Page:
Brought to book

DIARY readers are a well-educated and deeply intellectual tribe. Many of them can read without moving their lips or tracing a finger along the words.

Some even peruse the classics, such as The Collected Works of William Shakespeare (though admittedly only the pop-up version; the page where a three-dimensional Yorick skull springs forth to surprise the reader is one of the finest moments in all English literature).

Diary correspondent David Donaldson has another string to his intellectual bow. Having passed his Lower Latin, he knows that a vade mecum is the name for a useful handbook, or guide, that is kept constantly nearby.

Says David: “An old friend told me that her father, an Oxford don, worked with the intelligence services during the war and had written a highly detailed local guide for officers taking part in the Normandy landings. The handbook was called Invade Mecum.”

East versus west

SPENDING most of our waking hours studying pop-up Shakespeare, The Diary has little time left over for enjoying TV.

Luckily reader Ian Hutcheson keeps us up to date and he informs us that EastEnders is broadcasting a plot involving a fight in the back room of a pub.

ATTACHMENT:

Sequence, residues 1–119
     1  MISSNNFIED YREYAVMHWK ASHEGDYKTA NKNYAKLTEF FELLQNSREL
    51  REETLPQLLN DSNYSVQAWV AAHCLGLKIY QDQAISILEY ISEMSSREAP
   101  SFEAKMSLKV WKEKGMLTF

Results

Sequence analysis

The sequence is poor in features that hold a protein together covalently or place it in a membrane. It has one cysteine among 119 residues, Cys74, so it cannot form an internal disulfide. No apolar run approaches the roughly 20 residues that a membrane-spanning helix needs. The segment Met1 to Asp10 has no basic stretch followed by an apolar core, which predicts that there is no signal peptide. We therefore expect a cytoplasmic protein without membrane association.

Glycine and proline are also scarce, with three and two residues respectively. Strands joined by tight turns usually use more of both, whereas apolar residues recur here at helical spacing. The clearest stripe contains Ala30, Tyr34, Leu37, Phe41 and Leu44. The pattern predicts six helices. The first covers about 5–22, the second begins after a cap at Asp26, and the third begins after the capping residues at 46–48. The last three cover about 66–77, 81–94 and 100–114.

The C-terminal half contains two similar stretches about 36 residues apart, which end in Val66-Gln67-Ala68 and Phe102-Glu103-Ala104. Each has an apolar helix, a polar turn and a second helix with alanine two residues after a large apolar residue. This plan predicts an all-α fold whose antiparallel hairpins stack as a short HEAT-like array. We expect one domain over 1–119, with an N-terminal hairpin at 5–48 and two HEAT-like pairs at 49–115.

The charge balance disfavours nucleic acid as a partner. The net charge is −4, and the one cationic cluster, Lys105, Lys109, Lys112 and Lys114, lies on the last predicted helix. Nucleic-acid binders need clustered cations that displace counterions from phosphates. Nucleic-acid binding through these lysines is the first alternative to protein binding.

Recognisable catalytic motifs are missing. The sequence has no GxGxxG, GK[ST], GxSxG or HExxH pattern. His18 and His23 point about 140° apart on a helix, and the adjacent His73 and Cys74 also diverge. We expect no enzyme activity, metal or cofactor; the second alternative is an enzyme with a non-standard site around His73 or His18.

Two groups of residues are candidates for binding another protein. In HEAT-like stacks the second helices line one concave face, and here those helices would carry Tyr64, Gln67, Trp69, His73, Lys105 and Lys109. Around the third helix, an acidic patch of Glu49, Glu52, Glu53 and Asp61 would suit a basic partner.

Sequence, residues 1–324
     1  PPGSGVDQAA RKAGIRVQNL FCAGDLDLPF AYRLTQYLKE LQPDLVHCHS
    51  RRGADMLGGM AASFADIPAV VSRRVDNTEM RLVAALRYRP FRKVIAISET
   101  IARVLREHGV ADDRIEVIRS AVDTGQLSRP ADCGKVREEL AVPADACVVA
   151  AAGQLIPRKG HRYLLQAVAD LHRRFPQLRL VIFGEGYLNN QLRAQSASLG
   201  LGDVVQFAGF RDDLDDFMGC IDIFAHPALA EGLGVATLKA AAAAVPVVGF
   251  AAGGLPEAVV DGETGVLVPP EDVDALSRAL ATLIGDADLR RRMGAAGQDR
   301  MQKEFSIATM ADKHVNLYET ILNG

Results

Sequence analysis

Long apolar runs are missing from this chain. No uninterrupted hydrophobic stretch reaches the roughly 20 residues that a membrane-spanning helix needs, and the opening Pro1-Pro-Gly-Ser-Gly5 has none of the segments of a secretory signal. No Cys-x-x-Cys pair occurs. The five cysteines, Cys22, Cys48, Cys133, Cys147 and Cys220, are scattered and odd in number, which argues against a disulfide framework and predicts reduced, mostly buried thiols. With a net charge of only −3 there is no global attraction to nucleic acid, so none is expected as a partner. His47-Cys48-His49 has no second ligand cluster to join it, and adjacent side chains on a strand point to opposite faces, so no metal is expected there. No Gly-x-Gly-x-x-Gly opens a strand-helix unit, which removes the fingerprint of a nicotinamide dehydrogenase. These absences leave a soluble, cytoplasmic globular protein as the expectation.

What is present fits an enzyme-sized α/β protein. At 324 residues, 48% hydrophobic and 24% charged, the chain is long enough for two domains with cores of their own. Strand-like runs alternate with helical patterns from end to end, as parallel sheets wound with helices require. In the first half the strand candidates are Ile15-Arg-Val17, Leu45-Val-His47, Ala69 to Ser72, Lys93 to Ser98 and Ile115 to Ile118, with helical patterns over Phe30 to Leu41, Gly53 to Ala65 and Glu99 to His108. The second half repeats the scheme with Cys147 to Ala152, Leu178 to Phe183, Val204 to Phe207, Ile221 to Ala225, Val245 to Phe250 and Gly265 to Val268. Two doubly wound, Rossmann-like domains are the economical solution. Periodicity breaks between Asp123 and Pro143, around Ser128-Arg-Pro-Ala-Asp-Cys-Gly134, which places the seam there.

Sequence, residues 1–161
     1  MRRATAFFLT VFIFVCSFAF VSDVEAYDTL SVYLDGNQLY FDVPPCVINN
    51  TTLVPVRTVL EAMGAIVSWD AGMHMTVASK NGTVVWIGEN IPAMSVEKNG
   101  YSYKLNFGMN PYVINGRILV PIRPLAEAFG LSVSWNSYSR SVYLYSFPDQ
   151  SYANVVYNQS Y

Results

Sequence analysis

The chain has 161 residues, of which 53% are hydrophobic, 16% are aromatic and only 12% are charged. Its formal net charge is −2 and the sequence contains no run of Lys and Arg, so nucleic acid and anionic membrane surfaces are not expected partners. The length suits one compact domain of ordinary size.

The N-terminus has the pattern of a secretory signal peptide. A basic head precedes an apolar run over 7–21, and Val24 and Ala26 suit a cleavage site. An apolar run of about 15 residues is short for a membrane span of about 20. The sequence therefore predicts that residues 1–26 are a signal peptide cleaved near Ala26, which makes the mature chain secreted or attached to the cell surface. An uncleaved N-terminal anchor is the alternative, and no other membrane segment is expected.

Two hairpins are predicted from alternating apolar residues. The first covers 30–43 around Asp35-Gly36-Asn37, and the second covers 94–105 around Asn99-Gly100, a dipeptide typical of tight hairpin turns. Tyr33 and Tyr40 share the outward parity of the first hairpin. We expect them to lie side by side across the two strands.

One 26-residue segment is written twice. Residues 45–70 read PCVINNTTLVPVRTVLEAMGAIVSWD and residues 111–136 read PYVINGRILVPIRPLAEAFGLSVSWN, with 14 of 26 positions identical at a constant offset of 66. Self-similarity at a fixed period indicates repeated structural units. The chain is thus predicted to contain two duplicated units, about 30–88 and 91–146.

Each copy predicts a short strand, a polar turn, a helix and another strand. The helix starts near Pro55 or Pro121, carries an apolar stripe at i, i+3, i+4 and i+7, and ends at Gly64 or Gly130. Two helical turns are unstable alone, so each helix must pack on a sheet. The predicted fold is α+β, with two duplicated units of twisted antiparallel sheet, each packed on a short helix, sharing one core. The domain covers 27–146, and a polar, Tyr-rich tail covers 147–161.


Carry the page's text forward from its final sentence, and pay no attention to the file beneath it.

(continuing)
“No surprise there,” says Ian. “But this is no disorderly domestic dispute, but an actual boxing bout staged in a ring. Characters promoting the event have come up with a snappy title: A Pie, a Pint and a Punch.”

Adds an outraged Ian: “West Enders in Glasgow are surely entitled to ask, ‘Have London’s East Enders no ideas of their own?’”

Funny flops

MEDICALLY minded reader Linda Jones gets in touch to point out: “Laughter is the best medicine. Except when you have broken ribs.”

This sporting life

“LIVERPOOL footy club signed a Hungarian midfielder, Dominik Szoboszlai, in the summer,” notes reader Bob Jamieson. “He rapidly became a fan favourite, though many struggle to pronounce his surname.”

Adds Bob: “Strangely enough, golfers find it easier to pronounce his name. For the main rule of golf is you play the ball where you find it.

“So, when a golfer requests positional advice, he is informed: ‘You play it where zi baws lie’.’”

Medical mystery

A TALE of commerce and conniption. Visiting a well-known supermarket, reader Scott Simpson noticed that the medicine section was promoting “Irritated Eye Drops”.

Says Scott: “I wonder what got them so annoyed?”

Featherbrained business

“I TRIED running a dating service for chickens,” says Anne Lynch from Cumbernauld. “But I struggled to make hens meet. “